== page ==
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Paper presented at European Days of Deaf Education
(EDDE, Örebro) May 8 – 11, 2003.

 Title: Young Deaf Children learning about Swedish – Writing and Reading

A Ethnographic study.

Type of work: Doctoral Dissertation, Göteborg University, Sweden

Author: Carin Roos

Research into deaf literacy shows that deaf students have problems reading and writing due to their inability to acquire a first language that they can use when trying to express themselves through writing. The field of research supports two differing opinions concerning the development of reading ability and deafness: one that deaf students learn to read using essentially the same processes as hearing students do; the other that deaf students use qualitatively different processes when learning to read. There are also different opinions about whether to use sign language or not.

There is, however, little research done describing how deaf children show their interest in the written form of the languageand how this interest develops in a bilingual setting, using sign language as the mode of communication. The research efforts reported are centred around themes like word processing, coding and different techniques deaf students use.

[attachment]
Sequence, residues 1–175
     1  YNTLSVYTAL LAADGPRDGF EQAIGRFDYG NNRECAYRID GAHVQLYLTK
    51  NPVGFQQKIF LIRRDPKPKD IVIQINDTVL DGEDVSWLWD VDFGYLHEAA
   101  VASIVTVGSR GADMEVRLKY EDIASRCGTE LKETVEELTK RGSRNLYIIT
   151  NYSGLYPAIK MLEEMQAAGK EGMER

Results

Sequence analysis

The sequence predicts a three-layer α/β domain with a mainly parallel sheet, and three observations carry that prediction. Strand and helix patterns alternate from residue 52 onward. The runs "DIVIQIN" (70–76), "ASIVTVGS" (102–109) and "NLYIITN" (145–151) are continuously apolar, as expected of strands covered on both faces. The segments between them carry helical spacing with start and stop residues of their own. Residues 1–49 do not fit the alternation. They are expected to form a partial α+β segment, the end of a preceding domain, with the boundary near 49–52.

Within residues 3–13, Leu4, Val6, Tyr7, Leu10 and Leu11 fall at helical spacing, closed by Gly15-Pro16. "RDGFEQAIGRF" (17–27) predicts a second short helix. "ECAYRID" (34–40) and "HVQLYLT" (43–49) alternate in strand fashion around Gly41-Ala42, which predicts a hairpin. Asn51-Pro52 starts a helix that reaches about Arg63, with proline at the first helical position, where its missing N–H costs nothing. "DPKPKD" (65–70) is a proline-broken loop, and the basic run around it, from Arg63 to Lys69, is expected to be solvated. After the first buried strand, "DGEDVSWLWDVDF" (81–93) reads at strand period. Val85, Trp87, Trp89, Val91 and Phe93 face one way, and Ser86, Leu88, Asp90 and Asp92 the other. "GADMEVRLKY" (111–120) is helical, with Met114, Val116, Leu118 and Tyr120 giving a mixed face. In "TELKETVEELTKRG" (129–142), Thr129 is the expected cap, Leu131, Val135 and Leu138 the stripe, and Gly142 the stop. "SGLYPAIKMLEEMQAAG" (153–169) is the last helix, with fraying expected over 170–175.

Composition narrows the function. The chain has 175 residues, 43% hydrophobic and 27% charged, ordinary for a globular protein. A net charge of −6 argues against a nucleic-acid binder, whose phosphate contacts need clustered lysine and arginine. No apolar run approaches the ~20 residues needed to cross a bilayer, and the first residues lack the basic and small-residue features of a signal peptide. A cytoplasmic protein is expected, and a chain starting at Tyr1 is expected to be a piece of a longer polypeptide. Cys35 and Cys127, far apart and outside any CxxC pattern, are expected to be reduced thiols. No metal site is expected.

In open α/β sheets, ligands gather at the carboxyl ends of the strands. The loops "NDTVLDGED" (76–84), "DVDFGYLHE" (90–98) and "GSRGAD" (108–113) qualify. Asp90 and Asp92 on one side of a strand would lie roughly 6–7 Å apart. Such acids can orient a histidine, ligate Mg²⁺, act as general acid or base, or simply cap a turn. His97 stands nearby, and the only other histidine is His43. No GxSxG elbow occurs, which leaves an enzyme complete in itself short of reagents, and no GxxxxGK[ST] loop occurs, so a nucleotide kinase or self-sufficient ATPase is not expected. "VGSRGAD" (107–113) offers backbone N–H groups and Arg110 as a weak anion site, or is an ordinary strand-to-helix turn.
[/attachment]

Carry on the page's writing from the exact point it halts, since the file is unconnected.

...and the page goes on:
This paper will present a study with 6 deaf students that were videotaped in a longitudinal study. The students ranged from age 3 - 6 when the two year long study started, and some of them attended a special school for the deaf before the study ended. The paper will examine the findings in the study focusing on the striking resemblances with what is found in the literature about hearing children learning to read and write. These resemblances regard their interest in Swedish letters and text and how this interest develops. The paper will present what the differences between deaf and hearing look like and discuss what deaf children do at the stage when hearing start to understand that sounds can be letters. The paper will also address the pedagogical implications of the findings. It will be argued that teachers have to be confident in the children’s ability to learn in a bilingual setting and that deaf adults that work within the schools for the deaf are of extreme importance for stimulating the child’s development of reading and writing skills.